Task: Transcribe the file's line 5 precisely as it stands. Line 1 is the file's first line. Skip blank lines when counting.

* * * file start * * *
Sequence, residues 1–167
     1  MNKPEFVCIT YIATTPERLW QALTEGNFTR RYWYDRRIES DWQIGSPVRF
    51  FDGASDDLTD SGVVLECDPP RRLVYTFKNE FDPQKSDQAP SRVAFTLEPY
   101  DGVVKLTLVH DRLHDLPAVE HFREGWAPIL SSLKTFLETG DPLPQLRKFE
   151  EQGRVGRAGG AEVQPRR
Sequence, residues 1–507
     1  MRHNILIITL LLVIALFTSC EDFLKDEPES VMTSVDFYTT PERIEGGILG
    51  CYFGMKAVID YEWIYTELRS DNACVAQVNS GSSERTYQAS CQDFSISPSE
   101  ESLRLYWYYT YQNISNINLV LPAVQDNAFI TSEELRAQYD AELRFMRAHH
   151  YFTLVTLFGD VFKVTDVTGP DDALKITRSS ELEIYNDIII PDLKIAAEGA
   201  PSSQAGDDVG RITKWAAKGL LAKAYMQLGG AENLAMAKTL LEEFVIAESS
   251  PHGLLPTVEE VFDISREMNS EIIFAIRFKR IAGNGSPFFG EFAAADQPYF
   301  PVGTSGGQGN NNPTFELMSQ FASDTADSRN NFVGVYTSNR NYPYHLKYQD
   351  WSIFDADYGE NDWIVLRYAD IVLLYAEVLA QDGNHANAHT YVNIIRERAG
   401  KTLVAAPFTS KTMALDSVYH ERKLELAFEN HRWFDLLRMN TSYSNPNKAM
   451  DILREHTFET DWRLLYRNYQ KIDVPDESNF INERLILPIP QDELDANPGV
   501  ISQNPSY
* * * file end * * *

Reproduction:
   151  EQGRVGRAGG AEVQPRR